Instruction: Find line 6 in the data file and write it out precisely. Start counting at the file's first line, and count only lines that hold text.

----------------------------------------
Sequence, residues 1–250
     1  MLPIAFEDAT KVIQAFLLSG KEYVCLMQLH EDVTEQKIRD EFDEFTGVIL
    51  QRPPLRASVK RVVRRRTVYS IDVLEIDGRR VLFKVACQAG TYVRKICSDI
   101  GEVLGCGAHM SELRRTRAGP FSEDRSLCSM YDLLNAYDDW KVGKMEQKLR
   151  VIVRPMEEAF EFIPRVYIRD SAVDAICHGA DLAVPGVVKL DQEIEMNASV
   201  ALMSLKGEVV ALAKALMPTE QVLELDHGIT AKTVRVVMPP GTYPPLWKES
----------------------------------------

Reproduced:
   201  ALMSLKGEVV ALAKALMPTE QVLELDHGIT AKTVRVVMPP GTYPPLWKES